I'm a bit like this because it humiliates me (maybe as an INTP) to be wrong and so I like to put things delicately to people if they're mistaken about something, if it needs to be said at all. Sometimes, depending on the belief, people can be really attached to it and it's not really worth getting into. You never know how someone is going to react, even if most of the time they won't care.

I think this might have been why your social experiment turned out the way it did...by the sounds of it the "wrong stuff" was kind of trivial details (but don't feel bad and correct me if it wasn't :wink:). People usually don't want to point that stuff out because it's just not important to the general conversation...correcting you would only make them look like kind of an ass (because they cared about calling you out about something so minor), slow up the conversation, and again wouldn't really accomplish anything.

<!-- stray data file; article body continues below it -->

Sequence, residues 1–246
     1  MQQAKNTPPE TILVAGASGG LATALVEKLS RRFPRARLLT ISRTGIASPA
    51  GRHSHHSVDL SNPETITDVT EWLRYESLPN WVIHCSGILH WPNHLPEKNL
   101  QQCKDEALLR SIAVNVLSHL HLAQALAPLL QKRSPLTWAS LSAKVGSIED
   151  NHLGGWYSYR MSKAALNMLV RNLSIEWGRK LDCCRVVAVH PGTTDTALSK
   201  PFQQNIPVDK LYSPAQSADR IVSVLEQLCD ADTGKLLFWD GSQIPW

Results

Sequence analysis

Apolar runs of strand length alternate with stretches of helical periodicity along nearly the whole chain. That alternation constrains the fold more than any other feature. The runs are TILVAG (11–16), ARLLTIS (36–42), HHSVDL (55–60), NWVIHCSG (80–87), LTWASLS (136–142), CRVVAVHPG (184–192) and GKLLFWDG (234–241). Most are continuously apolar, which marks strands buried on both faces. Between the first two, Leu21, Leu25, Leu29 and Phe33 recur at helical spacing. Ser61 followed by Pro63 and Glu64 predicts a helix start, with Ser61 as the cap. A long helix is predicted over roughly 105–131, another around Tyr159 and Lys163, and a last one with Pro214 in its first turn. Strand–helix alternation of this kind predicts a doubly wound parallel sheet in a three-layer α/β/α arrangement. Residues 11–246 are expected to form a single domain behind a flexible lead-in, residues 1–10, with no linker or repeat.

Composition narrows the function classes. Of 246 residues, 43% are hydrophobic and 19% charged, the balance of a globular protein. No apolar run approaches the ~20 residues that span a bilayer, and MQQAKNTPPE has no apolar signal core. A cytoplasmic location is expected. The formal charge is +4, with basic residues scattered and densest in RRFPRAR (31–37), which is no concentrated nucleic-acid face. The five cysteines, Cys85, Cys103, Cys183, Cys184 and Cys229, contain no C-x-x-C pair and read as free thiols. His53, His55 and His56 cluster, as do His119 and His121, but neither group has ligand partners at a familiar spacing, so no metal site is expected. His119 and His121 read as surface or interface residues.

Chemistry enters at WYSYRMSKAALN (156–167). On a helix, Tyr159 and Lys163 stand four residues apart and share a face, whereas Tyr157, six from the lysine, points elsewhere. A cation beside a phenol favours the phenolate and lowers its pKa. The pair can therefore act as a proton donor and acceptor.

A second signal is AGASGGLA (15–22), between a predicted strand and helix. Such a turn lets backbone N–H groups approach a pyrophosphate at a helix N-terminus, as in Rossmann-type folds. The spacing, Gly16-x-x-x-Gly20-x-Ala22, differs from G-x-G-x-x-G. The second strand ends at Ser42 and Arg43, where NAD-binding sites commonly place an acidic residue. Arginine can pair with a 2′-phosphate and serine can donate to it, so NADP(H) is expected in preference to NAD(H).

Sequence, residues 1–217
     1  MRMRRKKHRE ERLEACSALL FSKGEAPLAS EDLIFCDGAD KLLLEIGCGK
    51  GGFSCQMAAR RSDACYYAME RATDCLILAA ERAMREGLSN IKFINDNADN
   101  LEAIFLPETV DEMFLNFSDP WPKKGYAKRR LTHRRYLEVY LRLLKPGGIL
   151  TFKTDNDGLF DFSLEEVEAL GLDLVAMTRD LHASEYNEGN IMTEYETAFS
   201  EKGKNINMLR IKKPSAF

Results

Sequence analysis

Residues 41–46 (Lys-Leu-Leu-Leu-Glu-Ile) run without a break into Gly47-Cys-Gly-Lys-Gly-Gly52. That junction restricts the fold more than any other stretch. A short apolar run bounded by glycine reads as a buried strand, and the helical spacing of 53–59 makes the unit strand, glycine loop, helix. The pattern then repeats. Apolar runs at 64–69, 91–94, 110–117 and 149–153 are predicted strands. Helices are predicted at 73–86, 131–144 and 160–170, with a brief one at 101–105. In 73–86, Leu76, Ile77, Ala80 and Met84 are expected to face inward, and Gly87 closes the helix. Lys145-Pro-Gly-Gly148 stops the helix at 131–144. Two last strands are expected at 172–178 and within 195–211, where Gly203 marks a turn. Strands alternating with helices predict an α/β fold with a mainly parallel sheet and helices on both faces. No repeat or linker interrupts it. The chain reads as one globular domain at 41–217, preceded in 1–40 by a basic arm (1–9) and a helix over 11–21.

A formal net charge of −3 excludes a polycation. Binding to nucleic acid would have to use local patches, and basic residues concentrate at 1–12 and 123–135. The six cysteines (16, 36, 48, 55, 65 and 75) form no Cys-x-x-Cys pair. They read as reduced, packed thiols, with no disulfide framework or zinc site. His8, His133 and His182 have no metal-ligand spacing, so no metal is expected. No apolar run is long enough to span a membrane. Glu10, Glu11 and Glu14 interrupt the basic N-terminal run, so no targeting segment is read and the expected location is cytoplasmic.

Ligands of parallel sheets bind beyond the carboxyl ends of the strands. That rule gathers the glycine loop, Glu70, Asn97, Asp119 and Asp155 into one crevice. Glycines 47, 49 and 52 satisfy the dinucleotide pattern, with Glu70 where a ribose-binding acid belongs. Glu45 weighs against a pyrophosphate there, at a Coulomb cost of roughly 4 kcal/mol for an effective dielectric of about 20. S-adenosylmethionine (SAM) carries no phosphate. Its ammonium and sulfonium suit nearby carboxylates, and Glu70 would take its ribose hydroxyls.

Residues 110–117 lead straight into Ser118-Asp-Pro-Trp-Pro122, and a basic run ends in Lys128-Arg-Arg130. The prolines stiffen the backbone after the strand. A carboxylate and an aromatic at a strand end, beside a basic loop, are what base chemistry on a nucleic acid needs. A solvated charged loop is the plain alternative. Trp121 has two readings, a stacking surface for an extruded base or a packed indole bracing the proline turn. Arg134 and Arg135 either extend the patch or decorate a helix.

If this is true, even more of it's probably due to apathy...they probably just didn't care that you were pronouncing words wrong or whatever else you were saying.
 

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I've noticed for a good part of my life that most people (at least the ones Ive observed) avoid correcting others (unless it's a classroom type situation, our a group of people who know each other well) when they know they are wrong. I feel like it has to do with the fact that a lot of people become offended when what they believe, say, or do is questioned. I've been doing this social experiment for over 2 years now where I would employ incorrect information or mispronounce words to the point that it's comical to both strangers and friends, and would later record if the person corrected me or didn't. Out of 356 situations where I did this only 54 people (33 being friends/family) corrected me. Any thoughts on why people avoid correcting others during a conversation?